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Understanding Product Allocation in Business Management

With ever-changing market demands and supply chain uncertainties, mastering product allocation strategies enables businesses to optimize inventory, reduce costs, and stay ahead in the market.
Kelly Squizzero | March 29, 2024

Understanding Product Allocation in Business Management


What is Product Allocation?

Product allocation—also commonly referred to as inventory allocation—is the process by which businesses disperse, track, and manage inventory across their distribution networks and sales channels. Product allocation, done right, enables businesses to maximize sales while minimizing overstocking and stockouts, ensuring that inventory is in the right place at the right time.

For businesses of all sizes and in every industry, product allocation is crucial to efficiently distributing products across channels and balancing customer demand with available supply.

While product allocation can be very complex, a properly designed product allocation strategy can help businesses meet customer demand, increase sales, decrease storage and shipping costs, and reduce waste—delivering significant savings and profitability.

Methods of Product Allocation

A good strategy begins with selecting a product allocation method: equal, trend, or seasonal allocation.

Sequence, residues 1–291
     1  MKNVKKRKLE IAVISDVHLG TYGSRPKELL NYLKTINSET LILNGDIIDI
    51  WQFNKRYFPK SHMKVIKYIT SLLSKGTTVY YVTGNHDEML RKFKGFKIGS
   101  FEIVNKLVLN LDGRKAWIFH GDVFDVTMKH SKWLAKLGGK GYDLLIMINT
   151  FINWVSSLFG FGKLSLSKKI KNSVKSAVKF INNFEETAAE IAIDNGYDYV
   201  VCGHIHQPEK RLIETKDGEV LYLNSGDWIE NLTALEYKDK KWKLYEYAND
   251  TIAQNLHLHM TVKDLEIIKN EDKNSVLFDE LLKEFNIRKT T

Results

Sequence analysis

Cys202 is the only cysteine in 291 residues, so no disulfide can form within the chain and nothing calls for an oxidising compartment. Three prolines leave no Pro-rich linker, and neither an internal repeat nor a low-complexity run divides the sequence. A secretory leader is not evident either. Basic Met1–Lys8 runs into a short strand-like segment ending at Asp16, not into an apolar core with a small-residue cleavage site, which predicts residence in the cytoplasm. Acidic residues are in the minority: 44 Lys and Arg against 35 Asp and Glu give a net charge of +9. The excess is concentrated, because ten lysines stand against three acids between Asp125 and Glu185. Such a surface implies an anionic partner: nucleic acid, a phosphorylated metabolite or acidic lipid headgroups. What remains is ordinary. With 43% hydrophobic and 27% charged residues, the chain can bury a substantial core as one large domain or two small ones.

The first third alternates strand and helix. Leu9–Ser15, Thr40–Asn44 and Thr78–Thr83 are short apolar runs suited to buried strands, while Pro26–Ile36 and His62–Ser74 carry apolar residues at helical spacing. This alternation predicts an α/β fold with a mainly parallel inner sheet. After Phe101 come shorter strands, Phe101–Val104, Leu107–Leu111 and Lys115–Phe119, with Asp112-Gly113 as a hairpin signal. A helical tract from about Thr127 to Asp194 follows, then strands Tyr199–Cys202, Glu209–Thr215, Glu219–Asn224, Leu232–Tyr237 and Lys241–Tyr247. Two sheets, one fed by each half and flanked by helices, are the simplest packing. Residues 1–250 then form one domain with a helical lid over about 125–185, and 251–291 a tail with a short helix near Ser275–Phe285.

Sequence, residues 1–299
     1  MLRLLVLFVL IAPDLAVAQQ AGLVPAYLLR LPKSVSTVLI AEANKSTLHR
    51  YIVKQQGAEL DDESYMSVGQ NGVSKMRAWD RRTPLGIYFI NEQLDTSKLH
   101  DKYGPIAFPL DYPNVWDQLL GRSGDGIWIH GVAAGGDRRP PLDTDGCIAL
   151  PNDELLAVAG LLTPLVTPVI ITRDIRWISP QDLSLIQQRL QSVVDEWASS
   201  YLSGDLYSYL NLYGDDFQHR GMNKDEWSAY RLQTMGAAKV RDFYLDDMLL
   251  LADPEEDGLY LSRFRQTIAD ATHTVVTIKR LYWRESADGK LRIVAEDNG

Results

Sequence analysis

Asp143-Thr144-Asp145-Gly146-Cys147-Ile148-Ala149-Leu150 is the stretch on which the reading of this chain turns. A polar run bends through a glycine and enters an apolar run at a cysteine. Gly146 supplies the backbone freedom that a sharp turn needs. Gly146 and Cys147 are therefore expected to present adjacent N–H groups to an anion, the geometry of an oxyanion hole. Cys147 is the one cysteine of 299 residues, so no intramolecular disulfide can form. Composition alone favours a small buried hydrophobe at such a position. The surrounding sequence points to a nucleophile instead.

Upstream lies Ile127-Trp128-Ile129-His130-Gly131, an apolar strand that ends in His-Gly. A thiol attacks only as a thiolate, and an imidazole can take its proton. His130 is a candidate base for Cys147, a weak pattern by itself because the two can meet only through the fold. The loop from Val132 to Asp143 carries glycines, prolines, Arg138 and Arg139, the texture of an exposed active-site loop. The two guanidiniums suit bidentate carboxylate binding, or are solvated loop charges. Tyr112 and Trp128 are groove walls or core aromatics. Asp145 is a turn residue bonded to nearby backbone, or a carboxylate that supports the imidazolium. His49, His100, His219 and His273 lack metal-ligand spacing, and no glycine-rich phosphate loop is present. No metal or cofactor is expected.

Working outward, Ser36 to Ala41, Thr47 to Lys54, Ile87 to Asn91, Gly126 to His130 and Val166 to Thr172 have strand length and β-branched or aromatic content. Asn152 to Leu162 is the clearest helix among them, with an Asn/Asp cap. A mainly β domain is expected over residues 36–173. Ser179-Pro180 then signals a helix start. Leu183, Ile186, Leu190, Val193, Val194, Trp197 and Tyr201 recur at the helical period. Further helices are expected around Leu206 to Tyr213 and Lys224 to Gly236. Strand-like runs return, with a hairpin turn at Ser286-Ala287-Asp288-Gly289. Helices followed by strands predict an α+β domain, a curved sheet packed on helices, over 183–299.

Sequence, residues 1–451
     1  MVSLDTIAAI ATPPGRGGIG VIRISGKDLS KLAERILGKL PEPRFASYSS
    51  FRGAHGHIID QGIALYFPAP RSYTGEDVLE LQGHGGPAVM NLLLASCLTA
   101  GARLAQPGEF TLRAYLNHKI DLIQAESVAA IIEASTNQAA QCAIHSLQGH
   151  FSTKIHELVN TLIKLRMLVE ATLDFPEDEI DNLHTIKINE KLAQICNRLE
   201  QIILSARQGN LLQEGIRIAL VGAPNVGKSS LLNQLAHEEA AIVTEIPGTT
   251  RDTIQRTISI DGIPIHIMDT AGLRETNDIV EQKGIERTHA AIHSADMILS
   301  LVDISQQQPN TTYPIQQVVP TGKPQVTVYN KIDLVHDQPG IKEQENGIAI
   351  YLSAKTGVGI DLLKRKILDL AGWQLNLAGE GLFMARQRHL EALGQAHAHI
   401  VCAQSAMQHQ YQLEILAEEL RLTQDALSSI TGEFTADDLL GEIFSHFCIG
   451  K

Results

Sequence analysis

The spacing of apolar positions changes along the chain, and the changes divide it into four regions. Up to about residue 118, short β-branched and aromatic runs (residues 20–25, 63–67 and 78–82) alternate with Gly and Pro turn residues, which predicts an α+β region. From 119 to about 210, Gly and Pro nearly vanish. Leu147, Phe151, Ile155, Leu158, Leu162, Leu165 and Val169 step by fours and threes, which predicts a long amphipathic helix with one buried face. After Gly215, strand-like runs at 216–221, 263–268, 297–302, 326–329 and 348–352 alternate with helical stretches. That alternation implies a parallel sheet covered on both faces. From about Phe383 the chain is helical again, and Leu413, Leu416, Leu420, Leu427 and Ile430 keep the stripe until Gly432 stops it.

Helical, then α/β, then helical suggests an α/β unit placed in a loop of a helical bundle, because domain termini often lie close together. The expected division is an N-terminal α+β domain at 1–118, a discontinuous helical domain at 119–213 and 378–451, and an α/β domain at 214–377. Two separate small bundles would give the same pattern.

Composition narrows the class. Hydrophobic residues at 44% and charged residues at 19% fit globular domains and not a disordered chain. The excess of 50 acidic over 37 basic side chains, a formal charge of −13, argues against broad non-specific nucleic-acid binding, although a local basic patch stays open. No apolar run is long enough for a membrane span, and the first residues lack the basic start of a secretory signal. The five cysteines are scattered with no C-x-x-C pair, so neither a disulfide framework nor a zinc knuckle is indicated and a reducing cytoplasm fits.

Equal Allocation

Equal allocation means businesses distribute products equally between their various sales outlets. For instance, say a retailer with three brick-and-mortar stores sells water bottles. In equal product allocation, each of those three stores would receive the same number of water bottles in the same styles and colors. This method is typically chosen by new businesses or those with limited inventory.

Trend Allocation

If a specific product is becoming popular in a certain location, region, or country, businesses can strategically distribute their products so that each outlet has what it needs to meet the trending customer demand.

Seasonal Allocation

Seasonal allocation is based on the weather. For example, businesses that sell umbrellas may see fit to send more of their product to the rainiest cities—such as Hilo, Hawaii, which receives 211 rainy days a year. But of course, they’ll also want to do their demand research first. It’s well known that the residents of Seattle—which receives an average of 152 rainy days a year—tend to ignore the rain and equate umbrellas with tourists.


Benefits of Product Allocation

When businesses follow a well-designed, forward-thinking product allocation strategy, they’ll experience the following benefits.

1.     Optimized inventory: